NBA Saturday: 76ers and Celtics Can Both Come Out On Top

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Markelle Fultz_Washington_2017_Draft_AP_1

The Process is potentially on the verge of completion.

On Friday evening, ESPN’s Marc Stein shook up NBA Twitter with a report that the Boston Celtics and Philadelphia 76ers were engaged in trade talks involving the No. 1 overall pick in the June 22 draft.

Adrian Wojnarowski followed up the report by saying the two clubs were in “advanced talks” concerning the potential deal.

As reports began to unfold following the initial news break, Basketball Insiders’ Steve Kyler expanded on what Philadelphia may be sending in order to bring the top pick into their fold.

Without dragging out the explanation much longer, this potential deal would be a slam dunk for both teams.

For the Sixers, being able to cash in stockpiled assets from years of consistent losing out on the top pick in order to select sweet-shooting point guard Markelle Fultz is a no-brainer. Fultz alongside 6-foot-10 ball-handler Ben Simmons and 7-foot-2 Joel Embiid potentially gives Philadelphia their big three of the future.

Equally, the deal could wind up a success for the Celtics even while moving down in the draft. ESPN’s Chad Ford reported that Boston wasn’t sold on Fultz and was considering selecting Kansas wing Josh Jackson. Should the deal go through, Celtics general manager Danny Ainge could wind up with his guy and secure more draft assets in the process.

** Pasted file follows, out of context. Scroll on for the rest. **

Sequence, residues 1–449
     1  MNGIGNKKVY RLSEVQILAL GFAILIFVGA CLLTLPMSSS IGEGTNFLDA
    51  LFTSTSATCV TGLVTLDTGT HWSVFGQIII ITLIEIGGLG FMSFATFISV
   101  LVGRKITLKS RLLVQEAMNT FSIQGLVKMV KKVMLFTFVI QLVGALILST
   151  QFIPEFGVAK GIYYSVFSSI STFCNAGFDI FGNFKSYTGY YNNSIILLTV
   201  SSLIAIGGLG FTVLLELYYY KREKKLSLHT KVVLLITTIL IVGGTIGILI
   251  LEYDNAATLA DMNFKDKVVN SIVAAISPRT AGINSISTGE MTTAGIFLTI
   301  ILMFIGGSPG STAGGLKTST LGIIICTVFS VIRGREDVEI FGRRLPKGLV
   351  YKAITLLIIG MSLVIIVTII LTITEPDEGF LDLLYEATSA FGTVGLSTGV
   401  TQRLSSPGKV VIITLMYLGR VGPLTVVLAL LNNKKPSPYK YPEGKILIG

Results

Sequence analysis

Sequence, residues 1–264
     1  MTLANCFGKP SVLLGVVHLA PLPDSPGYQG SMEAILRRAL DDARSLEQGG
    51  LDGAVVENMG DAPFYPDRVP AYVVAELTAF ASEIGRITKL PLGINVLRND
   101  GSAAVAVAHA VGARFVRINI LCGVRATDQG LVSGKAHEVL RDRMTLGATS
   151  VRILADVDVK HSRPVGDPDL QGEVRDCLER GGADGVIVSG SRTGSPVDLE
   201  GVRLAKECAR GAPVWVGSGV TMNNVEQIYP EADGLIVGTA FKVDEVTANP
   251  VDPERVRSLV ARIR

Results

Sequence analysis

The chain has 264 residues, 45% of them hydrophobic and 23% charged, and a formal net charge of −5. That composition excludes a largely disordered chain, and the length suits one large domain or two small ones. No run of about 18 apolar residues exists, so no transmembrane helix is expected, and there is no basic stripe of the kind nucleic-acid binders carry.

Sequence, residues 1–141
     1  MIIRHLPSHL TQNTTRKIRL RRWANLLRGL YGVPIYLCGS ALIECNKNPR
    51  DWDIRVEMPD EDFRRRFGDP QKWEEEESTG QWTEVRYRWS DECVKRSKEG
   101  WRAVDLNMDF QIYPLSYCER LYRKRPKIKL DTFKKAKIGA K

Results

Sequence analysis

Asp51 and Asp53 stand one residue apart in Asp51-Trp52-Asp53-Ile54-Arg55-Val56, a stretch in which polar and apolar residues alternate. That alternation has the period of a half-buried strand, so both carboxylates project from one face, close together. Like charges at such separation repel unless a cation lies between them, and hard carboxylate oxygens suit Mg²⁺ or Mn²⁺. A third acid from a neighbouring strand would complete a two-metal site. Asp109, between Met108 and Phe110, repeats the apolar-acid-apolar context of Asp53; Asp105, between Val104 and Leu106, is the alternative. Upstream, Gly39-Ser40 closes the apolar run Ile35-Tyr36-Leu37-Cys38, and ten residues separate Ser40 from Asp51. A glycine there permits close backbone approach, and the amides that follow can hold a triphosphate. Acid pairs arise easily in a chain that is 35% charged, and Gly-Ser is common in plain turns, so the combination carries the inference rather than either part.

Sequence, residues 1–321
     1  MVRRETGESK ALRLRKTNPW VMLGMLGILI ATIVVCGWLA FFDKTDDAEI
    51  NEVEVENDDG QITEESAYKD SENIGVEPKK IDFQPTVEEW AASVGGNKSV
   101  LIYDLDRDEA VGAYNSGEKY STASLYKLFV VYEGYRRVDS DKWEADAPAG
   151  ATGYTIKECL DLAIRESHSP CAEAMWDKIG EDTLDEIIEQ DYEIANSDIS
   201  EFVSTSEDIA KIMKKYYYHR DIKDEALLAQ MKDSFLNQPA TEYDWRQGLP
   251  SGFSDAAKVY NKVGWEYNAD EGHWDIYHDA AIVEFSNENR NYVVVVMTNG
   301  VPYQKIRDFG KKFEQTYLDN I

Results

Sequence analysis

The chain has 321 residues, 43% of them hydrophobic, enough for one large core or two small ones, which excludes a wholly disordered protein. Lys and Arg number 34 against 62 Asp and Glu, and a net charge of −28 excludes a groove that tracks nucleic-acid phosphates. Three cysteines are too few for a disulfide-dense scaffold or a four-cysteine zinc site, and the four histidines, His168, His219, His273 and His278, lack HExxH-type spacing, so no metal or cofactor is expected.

Along with getting Jackson and more picks, the Celtics will also be in a position to clear up some cap space for a potential run at Utah Jazz free agent Gordon Hayward.

A Celtics team that was the top seed in the Eastern Conference this past season could potentially add a max-level free agent and a top-tier draft talent without having to sacrifice their core. That’s all the motivation Boston should need to get the deal done on their end.

Despite the position Boston could be placing themselves in by making such a deal, Philadelphia should be pushing for this move just as hard.

When the Sixers and former general manager Sam Hinkie embarked on the long-term rebuilding process back on the draft night of 2013 when he shipped point guard Jrue Holiday to New Orleans for Nerlens Noel, the goal in mind was to eventually field a championship contender.

After four years of losing games hand over fist and fielding starting lineups that could’ve passed for D-League all-star teams, bringing Fultz to Philadelphia would be the final piece to truly envision a scenario where the Sixers could contend for an NBA championship down the road.

While this draft is lauded for its diverse talent within the top-10 picks, the potential of Fultz as a player and his fit into the Sixers’ current roster seems tailor-made. Philadelphia worked out former Kentucky guard Malik Monk on June 15, and they’ll work out his backcourt partner De’Aaron Fox on June 17. They also reportedly worked out Jackson in Sacramento Friday afternoon, with general manager Bryan Colangelo and head coach Brett Brown, among others, in attendance. As is usual during every pre-draft cycle, teams like to explore all of their options.